This Body The Earth
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This Body The Earth
Published:
2/24/2003
Format:
Perfect Bound Softcover
Pages:
442
Size:
5.75x8.25
ISBN:
978-1-55395-408-8
Print Type:
B/W

It is late-Reconstruction South where poverty and the exhausted earth strip even the strongest and most willful of their means to overcome the humiliations of the Civil War. Thousands of landless poor, many descended from Scots immigrants, crisscross the roads with their few chickens, bedding and an old stove in search of better wages from the landlords who exploit them and saddle them with debt. A whole people are on the move. From this unpromising soil rises one of Little Bethel's most ambitious sons. Born in the piney woods of North Carolina from a family of feckless sharecroppers, Alvin Barnes strives toward a "far-off and happier future." Through hard work, gritty determination, and a passion for knowledge, he acquires a farm and a family and raises cotton and tobacco using scientific methods. But paying off the mortgage depends on his crop yield. And then "the goad of evil, bitter days came down upon him," and Alvin cries out, "They ain't no God for the poor man, nothing but law and power over him." This Body the Earth, chronicled by Pulitzer prize-winning Paul Green, is one of the great tragic stories of the old South.

STUDY QUESTIONS

What is the relationship between the novel and Paul Green's dramas? In what ways are the author's experience and expertise as a dramatist revealed in This Body the Earth?

What characteristics of place, character, and language set the novel in the agrarian South? What folk motifs and rituals of farming run through the book?

What universal themes dealing with the human condition are found in Green's novel? Comment upon it as the story of an "everyman." What are the defining events of Alvin Barnes' life?

What beliefs and practices of that period exist today? How have they changed in the 21st century?

What are the main beliefs of Blake Dewar's social philosophy? What is their relevance to today's thinking? How did they impact Alvin Barnes and other characters in the novel?

Consider other American novels, like John Steinbeck's The Grapes of Wrath, that depict the plight of the migrant worker in post-World War II America. Who are today's migrant workers and what are the determining factors that govern their lives?

What were the harsh realities of the sharecropper's life at the time of the novel? And, explain the difference between a tenant and a sharecropper. How does the sharecropper in Green's novel differ from other kinds of modern-day laborers?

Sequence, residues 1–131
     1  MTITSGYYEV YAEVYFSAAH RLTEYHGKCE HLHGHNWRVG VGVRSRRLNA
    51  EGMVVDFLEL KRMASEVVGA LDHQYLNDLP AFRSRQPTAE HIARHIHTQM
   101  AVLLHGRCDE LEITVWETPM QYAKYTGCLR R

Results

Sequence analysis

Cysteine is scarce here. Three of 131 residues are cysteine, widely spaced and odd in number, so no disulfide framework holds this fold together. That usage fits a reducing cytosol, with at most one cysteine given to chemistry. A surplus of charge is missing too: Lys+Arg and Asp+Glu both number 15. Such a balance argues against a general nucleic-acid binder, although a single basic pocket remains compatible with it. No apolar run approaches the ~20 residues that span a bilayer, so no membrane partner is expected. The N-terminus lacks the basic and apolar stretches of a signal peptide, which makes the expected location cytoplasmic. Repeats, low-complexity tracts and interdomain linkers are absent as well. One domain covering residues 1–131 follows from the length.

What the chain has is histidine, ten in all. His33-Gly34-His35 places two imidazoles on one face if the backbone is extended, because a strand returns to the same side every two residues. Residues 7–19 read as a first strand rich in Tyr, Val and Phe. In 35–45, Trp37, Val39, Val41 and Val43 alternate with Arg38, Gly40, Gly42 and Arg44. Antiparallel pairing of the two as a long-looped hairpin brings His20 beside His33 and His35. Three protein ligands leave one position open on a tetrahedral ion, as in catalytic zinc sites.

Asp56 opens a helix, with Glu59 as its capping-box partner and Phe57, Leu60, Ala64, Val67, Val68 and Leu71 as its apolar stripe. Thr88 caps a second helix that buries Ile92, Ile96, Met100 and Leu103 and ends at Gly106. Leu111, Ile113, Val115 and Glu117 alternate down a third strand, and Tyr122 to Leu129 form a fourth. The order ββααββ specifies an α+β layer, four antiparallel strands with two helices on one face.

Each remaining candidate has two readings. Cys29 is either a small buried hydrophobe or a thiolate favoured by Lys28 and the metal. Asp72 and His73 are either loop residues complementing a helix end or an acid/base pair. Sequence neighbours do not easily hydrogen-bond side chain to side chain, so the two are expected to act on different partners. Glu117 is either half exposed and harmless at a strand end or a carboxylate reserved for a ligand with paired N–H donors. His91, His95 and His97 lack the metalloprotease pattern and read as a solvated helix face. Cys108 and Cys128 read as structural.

In what ways does the author reveal his devotion to the individual and his belief in the rights of people to the fulfillment of their potential?

Discuss such issues as class, race, and gender in This Body the Earth. What place does religion have in the novel?

What is the role of women in Green's agrarian landscape? What are the characteristics of Ivy Chadbourne that make her a saintly person? Is she a believable, sympathetic character?

Did you like the book? Why?

Preview coming soon.

    Paul Green grew up on a cotton farm in rural Harnett County, N.C., learning the value of hard physical labor as well as the importance and beauty of literature and music. He read books in the fields as he followed a mule-drawn plow.

    After graduation from Buies Creek Academy, Green taught school and played semi-professional baseball until he could earn enough money to go to the University of North Carolina, Chapel Hill, but his college education was interrupted by World War I. After he returned to the University, he was a key figure in the early days of the Carolina Playmakers. Among his Playmaker friends were author Thomas Wolfe, and Green's future wife, Elizabeth Lay. Green taught philosophy and drama at Chapel Hill until 1944, when he retired to devote his time to writing.

    In addition to receiving the 1927 Pulitzer Prize for Drama, Green formulated and propagated a new dramatic form, the symphonic drama, an historical play, usually set on the very site depicted in the action, and embodying music, dance, pantomime and poetic dialogue. Following his first, The Lost Colony (1937), about Sir Walter Raleigh's doomed colony on Roanoke Island, N.C., Green wrote sixteen more. It has been said that America has contributed two important new dramatic forms, one being the musical and the other being the symphonic drama, of which over fifty are now in production.     Paul Green's total literary output included not only symphonic dramas, but also other plays of various types, several novels, essays, books of North Carolina folklore, and cinema scripts for such prominent stars of the 1930s as Will Rogers, Bette Davis, and Janet Gaynor.

    In addition to his early Pulitzer Prize, his awards include two Guggenheim Fellowships, the National Theatre Conference Award, and nine honorary degrees. He was posthumously inducted into the Theatre Hall of Fame in New York in 1993, and the North Carolina Literary Hall of Fame in 1996. During his life Green was active in the cultural life of North Carolina, being one of the founders of the North Carolina Symphony, the School of the Arts, and the Institute of Outdoor Drama, which serves the large nationwide community of symphonic dramas that sprang up after the model of Green's original Lost Colony. His relentless battle against the death penalty in North Carolina has found successors in other states.

    Paul Green's historical significance stems from his influence not only on the art of the drama but also on the social values of the South during a period when he stood almost alone in preaching the equality of the races.

 
 


 

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